Obama: No front-line role for US special forces in Syria
US president Barack Obama has said America will not put its troops on the front line in Syria to fight the Islamic State group (IS), despite his decision to deploy special forces on the ground.
In his first comments since the deployment was announced, Mr Obama said it was merely an extension of what the US was already doing, noting that the US had run special operations missions in Syria previously.
He said US troops would not be fighting in Syria the way they did in the Iraq War with "battalions and occupations", saying that does not solve the problem.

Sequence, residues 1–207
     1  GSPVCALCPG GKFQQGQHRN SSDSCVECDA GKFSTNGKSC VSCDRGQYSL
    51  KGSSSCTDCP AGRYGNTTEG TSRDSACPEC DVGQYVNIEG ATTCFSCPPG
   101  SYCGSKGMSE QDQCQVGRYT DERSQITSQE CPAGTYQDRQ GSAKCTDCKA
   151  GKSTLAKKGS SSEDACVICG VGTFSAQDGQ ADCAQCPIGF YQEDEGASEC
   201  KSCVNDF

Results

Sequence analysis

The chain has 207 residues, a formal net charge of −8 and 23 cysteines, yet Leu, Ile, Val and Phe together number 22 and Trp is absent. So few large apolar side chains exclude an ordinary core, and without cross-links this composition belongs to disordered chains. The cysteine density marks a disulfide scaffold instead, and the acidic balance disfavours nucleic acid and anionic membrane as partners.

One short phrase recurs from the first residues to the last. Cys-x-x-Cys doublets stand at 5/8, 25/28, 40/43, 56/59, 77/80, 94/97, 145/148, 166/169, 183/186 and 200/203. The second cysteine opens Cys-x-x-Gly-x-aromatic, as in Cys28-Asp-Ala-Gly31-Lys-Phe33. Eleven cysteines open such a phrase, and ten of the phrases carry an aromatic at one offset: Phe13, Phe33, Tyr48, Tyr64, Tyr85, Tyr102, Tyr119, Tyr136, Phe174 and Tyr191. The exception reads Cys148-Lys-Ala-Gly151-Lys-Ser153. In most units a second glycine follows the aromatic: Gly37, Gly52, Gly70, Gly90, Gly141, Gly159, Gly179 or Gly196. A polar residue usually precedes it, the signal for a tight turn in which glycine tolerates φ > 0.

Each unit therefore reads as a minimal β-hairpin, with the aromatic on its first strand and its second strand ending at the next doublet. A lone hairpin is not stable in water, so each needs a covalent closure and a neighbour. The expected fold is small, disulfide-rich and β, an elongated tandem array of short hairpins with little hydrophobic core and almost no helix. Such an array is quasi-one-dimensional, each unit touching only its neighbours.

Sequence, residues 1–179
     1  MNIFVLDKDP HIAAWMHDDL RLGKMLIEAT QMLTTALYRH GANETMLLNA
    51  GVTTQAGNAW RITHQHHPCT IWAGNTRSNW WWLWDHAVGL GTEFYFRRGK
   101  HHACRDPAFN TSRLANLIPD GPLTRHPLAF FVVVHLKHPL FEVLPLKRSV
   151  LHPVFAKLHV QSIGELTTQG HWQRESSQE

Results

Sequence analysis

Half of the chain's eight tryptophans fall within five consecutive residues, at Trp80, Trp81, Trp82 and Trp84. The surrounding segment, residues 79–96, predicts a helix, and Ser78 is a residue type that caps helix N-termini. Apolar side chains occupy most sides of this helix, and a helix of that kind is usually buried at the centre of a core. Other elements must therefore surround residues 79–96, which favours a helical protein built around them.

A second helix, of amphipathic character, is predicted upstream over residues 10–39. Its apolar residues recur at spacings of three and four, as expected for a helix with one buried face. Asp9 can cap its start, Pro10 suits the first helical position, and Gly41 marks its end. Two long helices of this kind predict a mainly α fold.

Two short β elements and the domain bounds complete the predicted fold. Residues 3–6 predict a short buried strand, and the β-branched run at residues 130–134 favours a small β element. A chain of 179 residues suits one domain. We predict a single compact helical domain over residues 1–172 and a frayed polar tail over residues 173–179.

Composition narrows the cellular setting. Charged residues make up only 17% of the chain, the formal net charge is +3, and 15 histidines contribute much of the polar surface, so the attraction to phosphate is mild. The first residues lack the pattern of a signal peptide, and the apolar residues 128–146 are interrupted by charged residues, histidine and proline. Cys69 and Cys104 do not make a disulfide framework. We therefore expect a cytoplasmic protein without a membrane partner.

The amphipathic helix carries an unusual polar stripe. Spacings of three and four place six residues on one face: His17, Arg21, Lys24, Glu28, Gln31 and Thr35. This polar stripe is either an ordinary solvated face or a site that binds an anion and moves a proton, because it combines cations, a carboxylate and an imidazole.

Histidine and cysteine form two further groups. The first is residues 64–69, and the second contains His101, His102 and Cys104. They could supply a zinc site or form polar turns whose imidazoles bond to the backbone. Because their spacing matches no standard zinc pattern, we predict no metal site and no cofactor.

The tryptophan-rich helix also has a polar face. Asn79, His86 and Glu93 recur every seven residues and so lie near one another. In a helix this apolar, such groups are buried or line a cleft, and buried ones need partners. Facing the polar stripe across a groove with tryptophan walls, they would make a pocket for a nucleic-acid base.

His comments, in an interview with NBC News, come three days after the White House announced plans to send up to 50 special operations troops to assist Kurdish and Arab forces in northern Syria.
The deployment marks a significant departure for Mr Obama, who for years has resisted putting ground forces in Syria.
However he has gradually intensified the US military response to what counter-terrorism officials worry is a growing IS threat in Syria and Iraq.
America has also promised nearly 100 million dollars (£65 million) in fresh aid for Syria's opposition, bringing to nearly 500 million dollars (£325 million) the amount it has pledged to the opposition since 2012.